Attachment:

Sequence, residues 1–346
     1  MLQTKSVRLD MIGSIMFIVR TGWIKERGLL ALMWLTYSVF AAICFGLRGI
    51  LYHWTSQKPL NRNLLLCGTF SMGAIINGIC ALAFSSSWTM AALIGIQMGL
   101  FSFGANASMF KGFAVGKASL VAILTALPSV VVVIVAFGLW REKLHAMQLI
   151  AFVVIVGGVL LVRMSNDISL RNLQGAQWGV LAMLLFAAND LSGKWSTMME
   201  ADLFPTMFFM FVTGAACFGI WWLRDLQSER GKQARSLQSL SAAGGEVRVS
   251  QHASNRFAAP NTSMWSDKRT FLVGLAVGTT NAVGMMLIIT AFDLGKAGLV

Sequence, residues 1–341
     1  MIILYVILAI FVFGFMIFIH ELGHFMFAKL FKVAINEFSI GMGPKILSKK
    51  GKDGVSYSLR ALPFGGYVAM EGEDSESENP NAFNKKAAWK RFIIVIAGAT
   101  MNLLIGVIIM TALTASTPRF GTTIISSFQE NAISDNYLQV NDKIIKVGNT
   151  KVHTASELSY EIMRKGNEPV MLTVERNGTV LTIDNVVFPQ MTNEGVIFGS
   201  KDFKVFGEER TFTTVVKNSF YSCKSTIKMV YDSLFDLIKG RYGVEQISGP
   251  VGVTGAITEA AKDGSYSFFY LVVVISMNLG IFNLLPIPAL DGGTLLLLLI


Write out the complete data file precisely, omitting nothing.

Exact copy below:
Sequence, residues 1–346
     1  MLQTKSVRLD MIGSIMFIVR TGWIKERGLL ALMWLTYSVF AAICFGLRGI
    51  LYHWTSQKPL NRNLLLCGTF SMGAIINGIC ALAFSSSWTM AALIGIQMGL
   101  FSFGANASMF KGFAVGKASL VAILTALPSV VVVIVAFGLW REKLHAMQLI
   151  AFVVIVGGVL LVRMSNDISL RNLQGAQWGV LAMLLFAAND LSGKWSTMME
   201  ADLFPTMFFM FVTGAACFGI WWLRDLQSER GKQARSLQSL SAAGGEVRVS
   251  QHASNRFAAP NTSMWSDKRT FLVGLAVGTT NAVGMMLIIT AFDLGKAGLV

Sequence, residues 1–341
     1  MIILYVILAI FVFGFMIFIH ELGHFMFAKL FKVAINEFSI GMGPKILSKK
    51  GKDGVSYSLR ALPFGGYVAM EGEDSESENP NAFNKKAAWK RFIIVIAGAT
   101  MNLLIGVIIM TALTASTPRF GTTIISSFQE NAISDNYLQV NDKIIKVGNT
   151  KVHTASELSY EIMRKGNEPV MLTVERNGTV LTIDNVVFPQ MTNEGVIFGS
   201  KDFKVFGEER TFTTVVKNSF YSCKSTIKMV YDSLFDLIKG RYGVEQISGP
   251  VGVTGAITEA AKDGSYSFFY LVVVISMNLG IFNLLPIPAL DGGTLLLLLI